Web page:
Glancing Thoughts

Mercy and Moral Idiocy

In the First Reading, the Israelites, who have just been freed from slavery in Egypt by spectacular miracles that God did for them, those same Israelites have made molten metal into the statue of a calf and declared that the calf is their God who brought them out of Egypt.

God is very angry at the people in consequence. This people is hopeless, God says to Moses; I ought to destroy them and make a new Israelite people out of you, Moses. But God means to be merciful to the Israelites, and he is inviting Moses to be merciful by first showing Moses the evil of the people. If you don’t see the evil in what others are doing, you aren’t merciful. You are just a moral idiot.

In response to God’s anger at the Israelites, Moses is merciful; and he wants God to be merciful too. And so the reply of Moses to God’s anger teaches us something about mercy.

Moses does not try to see what the Israelites are doing as not so bad, as somehow acceptable or excusable. If he did, then Moses really would be a moral idiot. But he doesn’t. Rather, Moses entreats God to be merciful by reminding God of the past history of the Israelites. Don’t you remember Abraham, Isaac, and Jacob, Moses asks God? They were your servants and so pleasing to you! For the sake of what the Israelite people were in the past, have mercy on them now!

The Second Reading is about mercy too. Paul explains that he once was a persecutor of God’s people. He doesn’t gloss over his own evil then or make himself a moral idiot, any more than Moses did. But Paul says that he obtained mercy from God anyway, because God could see the man that Paul could become. For the sake of the man Paul could be in the future, God had mercy on him.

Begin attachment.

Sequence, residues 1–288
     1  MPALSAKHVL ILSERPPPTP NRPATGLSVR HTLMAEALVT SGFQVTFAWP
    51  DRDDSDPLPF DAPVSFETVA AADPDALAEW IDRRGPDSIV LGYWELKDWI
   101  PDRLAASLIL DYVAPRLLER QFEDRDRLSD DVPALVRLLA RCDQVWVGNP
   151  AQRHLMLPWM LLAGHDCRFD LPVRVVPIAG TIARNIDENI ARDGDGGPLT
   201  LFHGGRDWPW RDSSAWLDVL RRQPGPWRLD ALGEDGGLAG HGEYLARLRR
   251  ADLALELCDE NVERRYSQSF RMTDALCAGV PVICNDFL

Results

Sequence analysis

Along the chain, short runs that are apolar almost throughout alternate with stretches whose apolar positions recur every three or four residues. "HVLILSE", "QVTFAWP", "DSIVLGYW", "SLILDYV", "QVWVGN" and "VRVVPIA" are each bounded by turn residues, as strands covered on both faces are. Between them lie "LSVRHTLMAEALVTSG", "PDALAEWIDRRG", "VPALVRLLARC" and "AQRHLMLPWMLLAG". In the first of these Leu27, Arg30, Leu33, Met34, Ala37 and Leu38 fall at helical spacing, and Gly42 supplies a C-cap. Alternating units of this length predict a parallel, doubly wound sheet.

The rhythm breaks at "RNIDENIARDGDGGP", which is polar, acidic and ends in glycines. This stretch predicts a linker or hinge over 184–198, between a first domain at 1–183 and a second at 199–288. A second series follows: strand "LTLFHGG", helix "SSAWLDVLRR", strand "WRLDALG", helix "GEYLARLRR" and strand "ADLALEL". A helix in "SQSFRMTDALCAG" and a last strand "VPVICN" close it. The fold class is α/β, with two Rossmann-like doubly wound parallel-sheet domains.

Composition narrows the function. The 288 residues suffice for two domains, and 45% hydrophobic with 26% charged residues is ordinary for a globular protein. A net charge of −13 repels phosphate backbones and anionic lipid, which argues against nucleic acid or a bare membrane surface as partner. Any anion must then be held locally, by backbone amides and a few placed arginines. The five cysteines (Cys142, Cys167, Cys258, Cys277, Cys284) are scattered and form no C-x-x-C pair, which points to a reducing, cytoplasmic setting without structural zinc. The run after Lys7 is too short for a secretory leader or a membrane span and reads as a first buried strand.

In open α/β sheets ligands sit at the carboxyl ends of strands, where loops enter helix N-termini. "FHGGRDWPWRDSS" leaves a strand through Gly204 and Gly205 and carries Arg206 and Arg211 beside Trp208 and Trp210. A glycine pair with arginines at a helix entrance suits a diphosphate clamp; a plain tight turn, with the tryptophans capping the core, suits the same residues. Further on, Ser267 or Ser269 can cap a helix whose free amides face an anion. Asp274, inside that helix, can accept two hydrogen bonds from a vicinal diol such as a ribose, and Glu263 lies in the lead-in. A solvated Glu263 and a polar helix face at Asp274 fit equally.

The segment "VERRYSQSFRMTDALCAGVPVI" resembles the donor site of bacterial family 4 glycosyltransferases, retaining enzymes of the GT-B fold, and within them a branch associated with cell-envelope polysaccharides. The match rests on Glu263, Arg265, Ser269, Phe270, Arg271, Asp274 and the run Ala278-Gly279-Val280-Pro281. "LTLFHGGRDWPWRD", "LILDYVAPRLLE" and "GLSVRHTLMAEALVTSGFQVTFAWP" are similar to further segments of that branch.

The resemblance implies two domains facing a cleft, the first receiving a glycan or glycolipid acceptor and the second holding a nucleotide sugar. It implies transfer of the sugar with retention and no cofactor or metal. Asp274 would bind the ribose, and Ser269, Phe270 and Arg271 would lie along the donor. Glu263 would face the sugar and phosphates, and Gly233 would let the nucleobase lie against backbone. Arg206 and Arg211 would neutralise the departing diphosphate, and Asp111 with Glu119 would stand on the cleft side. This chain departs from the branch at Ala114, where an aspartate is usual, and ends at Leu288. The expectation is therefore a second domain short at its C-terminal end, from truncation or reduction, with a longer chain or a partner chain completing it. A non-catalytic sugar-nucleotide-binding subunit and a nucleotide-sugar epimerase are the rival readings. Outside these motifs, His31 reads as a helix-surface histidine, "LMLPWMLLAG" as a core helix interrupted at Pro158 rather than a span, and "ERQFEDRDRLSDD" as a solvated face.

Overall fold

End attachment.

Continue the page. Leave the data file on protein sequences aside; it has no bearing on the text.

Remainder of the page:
Here is one moral of the readings then. You must not be a moral idiot. When you look at the conduct of your father, or your friend, or your boss, if that person is being sinful, then you need to see clearly that he is. But what you see when he is evil is not all there is to him. There is what he was in the past, the small boy his mother loved, for example. He wasn’t always the sinner he is now. And then there is what he could become. Maybe like Paul, who once was the chief of sinners, your sinning friend could become glorious in the service of the Lord in the future.

So, see clearly the evil in your neighbor now, but remember that what you see is not all there is to him. Like the Lord in the readings, have mercy on him, for the sake of all the rest of him, the person that he once was and the person that he can still be.

Eleonore Stump

Eleonore Stump is Professor of Philosophy, Saint Louis University

**From Saint Louis University

Kristin Clauson